Scarf attempt number 2


That’s going to be a gorgeous scarf. Well done!

Just a quick question. When this is done and it’s time to block it. Can I steam this material or will I have to just spray with water. Packaging says 97% acrylic 3% other

I immerse the item in water with a little woolite for about 5 min. Then lightly squeeze out extra water and roll in a towel to remove excess water and then block. Also you can check yarn band for care. On larger pieces I have washed and dried in dryer if do not plan on blocking (blanket)

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Looking good.

You can steam acrylic, it makes it lovely and soft and drape well, but be sure to only hover a steaming iron above the fabric and not let the iron touch the fabric. Gently patting and moving the fabric the fabric with your fingers to the size and shape you want then leave to cool fully.
You can also just wash and dry as given on the ball band, with acrylic usually just put in a washing machine.


What yarn are you using and what care instructions are given for it? With most acrylics I just wash and dry as I expect the recipient (or me if I am keeping it) will treat it. I have used acrylic blend yarns that don’t hold up to machine wash and dry and do hand wash, dry flat.

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A knitty friend sent me this a while back. I thought it was a really clever way of testing needle sizes and gauge. Might be handy to try it.


I’m continuing to progress on the scarf but I’ve noticed over the last 20 or so rows that the distance between my needle tips is getting longer in some places along my row. I’m not even sure what is wrong so I can’t quite find anything on how to fix this issue. Can it be fixed or will my stitches just be looser than they were when I started?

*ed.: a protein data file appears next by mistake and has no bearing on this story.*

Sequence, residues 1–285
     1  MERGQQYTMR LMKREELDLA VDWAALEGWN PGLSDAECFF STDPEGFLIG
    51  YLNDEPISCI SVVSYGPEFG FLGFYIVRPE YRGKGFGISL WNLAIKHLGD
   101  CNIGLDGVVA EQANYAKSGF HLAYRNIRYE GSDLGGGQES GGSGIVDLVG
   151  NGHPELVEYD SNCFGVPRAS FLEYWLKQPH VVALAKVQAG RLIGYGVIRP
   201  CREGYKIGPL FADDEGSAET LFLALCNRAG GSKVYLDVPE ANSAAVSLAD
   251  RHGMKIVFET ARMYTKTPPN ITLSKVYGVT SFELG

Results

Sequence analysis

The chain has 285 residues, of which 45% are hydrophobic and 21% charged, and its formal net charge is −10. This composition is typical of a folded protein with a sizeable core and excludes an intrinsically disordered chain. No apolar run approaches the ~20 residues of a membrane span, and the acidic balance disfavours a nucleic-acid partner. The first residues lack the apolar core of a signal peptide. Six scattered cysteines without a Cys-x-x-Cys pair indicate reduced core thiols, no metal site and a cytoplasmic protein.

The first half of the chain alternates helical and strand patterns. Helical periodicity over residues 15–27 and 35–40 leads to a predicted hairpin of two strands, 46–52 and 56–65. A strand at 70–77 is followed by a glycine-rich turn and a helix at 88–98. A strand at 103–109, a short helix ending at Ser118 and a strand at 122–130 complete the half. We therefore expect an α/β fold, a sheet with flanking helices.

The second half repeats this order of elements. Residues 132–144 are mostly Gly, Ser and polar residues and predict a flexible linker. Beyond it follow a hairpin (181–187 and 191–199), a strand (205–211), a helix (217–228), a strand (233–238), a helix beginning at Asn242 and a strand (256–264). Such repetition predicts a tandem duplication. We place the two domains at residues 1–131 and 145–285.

You may be relaxing the tension as you knit and learn the pattern. Some of this may even out when you block the scarf (see the yarn ball band for washing instructions).
It may also be looseness at the transition between knits and purls. You can be conscious of that and tighten it up a bit.

There are other techniques too like wrapping the yarn clockwise around the needle on one row and correcting the twist on the next row but this little tug seems simpler.

Thanks! I Appreciate it :smile:

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It’s likely a combination of getting more comfortable with the pattern and having looser purls. The pattern has them spread out over several rows and it does seem like the looseness is happening every few stitches :man_shrugging: learning pains. Just had a chance to view the video. I’ll give that technique a try as well.